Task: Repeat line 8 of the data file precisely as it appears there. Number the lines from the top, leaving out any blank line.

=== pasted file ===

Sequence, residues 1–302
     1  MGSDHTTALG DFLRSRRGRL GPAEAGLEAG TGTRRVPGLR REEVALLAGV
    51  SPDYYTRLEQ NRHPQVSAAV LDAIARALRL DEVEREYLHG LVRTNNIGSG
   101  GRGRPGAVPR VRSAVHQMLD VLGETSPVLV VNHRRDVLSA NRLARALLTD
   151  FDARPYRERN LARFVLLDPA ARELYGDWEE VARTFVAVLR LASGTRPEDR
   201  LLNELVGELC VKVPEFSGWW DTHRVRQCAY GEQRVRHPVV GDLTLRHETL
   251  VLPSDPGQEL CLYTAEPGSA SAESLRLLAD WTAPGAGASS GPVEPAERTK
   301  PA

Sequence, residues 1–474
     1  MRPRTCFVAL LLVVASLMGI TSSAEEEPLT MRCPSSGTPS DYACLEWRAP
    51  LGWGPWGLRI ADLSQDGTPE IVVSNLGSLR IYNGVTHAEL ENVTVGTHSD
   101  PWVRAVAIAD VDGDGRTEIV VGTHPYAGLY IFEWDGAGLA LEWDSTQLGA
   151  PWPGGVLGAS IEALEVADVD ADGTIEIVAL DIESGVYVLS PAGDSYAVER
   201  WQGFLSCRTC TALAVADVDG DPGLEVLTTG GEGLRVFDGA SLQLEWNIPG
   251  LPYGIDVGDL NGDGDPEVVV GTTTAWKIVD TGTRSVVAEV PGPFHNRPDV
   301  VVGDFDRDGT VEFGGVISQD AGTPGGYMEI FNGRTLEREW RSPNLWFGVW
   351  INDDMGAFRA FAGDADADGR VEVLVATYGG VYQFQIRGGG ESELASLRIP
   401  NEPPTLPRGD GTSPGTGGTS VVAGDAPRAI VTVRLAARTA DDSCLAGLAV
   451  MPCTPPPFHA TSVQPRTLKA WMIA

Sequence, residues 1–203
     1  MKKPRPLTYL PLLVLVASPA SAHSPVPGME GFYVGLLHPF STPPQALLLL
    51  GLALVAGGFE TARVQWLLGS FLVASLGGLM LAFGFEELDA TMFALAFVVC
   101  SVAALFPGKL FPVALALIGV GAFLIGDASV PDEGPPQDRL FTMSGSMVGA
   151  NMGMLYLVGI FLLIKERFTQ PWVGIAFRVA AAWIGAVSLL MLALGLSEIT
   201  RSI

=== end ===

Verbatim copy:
   301  PA